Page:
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In this week’s blog, we would like to introduce you to our new volunteer, Marco Gallotta. Marco joined us from Royal Holloway University London for a two-week placement which focused on the development of e-learning materials for our portal.

Hi there Marco. Please can you tell us about yourself?
Hello, I am an international student (from Italy) currently on my way to the third year of a biomedical sciences degree at the Royal Holloway university of London. I enjoy trying ALL the food and dabble in cooking. I have done Contact sport almost all my life, a lot of karate as a kid and I’m currently doing Thai boxing. I’m also a big nerd and love science and games.

Had you heard of rare diseases before your placement?
I did, I actually wrote an essay about Gaucher’s disease for one of my courses, which was eye opening and gave me a new perspective about the difficulties that patients, doctors and researchers face when stepping into the fields of rare diseases.

I also came across a few rare mitochondrial diseases while studying bioenergetics, and more neurological and neuromuscular disorders in other courses. It was really university that opened the door on this world for me. Before that I had rarely even heard anyone talking about them, which goes to show to kind consideration they are given, and the level of awareness outside the field.

What motivated you to take up the micro-placement at Findacure?
Many things, If I had to boil it down to one, I would say it was the best opportunity I had to create something useful.

Rare diseases are in a tricky situation regarding how much medical help they can get. Developing drugs is an extremely expensive and long process. We are talking about hundreds of millions of pounds and years of work of hundreds of people, for just one drug!
The monetary returns on rare disease are not very lucrative for companies, so they are not incentivised to invest in research and development for them. Consequently, the attention of all those that provide services for patients are more skewed towards common diseases, they are easier to cure, more tools are available, and more money is involved. Everyone has to make a living at the end of the day.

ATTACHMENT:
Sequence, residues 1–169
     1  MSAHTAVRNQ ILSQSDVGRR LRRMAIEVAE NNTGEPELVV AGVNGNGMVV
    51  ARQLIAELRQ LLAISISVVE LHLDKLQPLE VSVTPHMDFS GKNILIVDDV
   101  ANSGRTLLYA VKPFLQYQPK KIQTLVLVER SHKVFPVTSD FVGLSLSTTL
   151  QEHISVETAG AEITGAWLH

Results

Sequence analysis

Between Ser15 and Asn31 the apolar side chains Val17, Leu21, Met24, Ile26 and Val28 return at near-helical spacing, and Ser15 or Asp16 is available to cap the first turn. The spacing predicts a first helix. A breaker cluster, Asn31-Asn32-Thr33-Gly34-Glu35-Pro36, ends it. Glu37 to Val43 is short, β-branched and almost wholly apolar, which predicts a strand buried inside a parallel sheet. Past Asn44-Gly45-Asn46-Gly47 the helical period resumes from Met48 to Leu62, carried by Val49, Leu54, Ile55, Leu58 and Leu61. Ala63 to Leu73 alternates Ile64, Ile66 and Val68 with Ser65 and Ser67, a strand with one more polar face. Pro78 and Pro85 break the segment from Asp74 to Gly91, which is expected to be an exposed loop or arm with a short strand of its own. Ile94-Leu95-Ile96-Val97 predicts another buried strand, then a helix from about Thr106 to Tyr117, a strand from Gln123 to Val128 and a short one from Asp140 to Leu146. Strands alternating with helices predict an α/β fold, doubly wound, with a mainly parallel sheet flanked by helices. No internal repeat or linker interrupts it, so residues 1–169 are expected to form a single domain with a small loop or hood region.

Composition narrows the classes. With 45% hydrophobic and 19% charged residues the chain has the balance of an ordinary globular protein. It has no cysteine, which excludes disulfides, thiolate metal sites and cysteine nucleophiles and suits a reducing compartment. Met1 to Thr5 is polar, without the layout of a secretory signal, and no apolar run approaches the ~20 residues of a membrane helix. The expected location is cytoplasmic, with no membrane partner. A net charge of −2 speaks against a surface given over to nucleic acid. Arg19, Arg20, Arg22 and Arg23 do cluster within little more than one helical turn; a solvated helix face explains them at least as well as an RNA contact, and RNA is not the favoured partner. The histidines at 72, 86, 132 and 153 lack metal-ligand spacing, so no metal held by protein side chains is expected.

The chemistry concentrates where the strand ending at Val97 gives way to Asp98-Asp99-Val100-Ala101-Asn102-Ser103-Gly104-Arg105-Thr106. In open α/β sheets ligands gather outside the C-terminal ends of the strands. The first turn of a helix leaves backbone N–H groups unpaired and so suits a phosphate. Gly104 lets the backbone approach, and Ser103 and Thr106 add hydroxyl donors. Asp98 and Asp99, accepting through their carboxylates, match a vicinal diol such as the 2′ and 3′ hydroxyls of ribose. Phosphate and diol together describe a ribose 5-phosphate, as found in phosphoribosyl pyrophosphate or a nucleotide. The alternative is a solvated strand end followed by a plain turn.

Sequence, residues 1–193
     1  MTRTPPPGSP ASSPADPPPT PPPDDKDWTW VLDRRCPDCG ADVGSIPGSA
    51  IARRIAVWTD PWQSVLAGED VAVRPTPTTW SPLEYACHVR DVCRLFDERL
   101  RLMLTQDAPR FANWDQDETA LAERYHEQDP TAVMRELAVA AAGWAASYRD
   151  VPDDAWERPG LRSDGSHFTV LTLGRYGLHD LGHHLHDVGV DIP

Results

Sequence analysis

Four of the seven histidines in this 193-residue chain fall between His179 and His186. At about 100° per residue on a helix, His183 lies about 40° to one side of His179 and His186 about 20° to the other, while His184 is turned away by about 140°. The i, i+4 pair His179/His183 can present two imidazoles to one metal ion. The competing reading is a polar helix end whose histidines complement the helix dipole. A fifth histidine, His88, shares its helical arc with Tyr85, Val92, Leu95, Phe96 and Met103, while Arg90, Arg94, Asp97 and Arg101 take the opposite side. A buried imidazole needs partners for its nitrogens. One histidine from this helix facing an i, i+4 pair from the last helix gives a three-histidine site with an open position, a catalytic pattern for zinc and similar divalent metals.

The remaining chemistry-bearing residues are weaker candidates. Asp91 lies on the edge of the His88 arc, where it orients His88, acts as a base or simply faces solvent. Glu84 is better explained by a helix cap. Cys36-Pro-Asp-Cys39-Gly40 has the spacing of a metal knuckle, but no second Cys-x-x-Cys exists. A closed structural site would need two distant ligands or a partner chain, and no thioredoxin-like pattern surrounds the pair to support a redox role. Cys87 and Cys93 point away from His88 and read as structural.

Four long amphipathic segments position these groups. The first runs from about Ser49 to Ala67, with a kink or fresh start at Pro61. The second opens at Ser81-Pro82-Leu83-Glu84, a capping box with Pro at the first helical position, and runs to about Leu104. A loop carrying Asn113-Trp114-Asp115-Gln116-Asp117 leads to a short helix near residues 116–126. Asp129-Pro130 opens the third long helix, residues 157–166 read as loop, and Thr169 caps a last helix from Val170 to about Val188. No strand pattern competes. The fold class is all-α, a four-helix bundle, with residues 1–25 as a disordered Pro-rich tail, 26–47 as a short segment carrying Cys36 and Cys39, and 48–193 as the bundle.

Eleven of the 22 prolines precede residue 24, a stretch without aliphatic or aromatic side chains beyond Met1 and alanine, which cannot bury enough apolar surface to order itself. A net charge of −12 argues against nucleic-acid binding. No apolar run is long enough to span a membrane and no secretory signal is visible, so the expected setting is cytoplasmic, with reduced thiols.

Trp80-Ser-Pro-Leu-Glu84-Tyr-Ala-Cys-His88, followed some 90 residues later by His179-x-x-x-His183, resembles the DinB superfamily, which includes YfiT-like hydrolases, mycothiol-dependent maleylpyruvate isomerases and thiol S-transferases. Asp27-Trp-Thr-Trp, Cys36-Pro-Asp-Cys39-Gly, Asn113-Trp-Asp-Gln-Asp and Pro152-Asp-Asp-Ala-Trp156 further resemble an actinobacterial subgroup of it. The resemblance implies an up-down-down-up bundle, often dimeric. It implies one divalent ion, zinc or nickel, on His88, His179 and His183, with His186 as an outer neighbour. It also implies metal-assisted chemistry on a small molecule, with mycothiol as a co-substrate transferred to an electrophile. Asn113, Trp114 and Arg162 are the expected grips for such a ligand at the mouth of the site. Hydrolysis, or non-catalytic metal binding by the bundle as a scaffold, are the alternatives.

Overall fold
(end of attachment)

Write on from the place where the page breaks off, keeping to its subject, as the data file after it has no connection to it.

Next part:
I thought that lending a hand and working with a charity would be useful and also would give me insight in this very important but not so considered side of society. Even in my little time at Findacure, maybe I am doing something meaningful for someone. That is it, if I talk anymore I will start rambling incoherently.

What have you been working on?
I have been writing a guide on nutritional management for people affected by rare diseases. I am by no means knowledgeable in the field, but I have some more insight into nutrition than the average person due to my personal interest and ability to extrapolate info from scientific papers. I interviewed people from 3 different rare disease associations whose patients have to manage their nutrition in different ways, that gave me a great insight into what an upcoming patient group can do to build their own package of nutritional knowledge and how to distribute it.
I also worked on a guide to give an outline on how to read a scientific paper. I think that patients should have the tools to understand the reasons behind the decisions of their medical advisor, at least to some extent.

What have you enjoyed most about your two weeks in Cambridge?
1. Without a doubt the Korean food from a restaurant near my hotel, would recommend 10/10.
2. Mostly I enjoyed the city centre, walking between the old buildings, cobbled streets and parks was great.
3. I also recommend visiting the zoology museum, good choice if you like animals, perfect if you like bones… a lot of bones.

Marco’s fortnight at Findacure

by Guest Contributer time to read: 3 min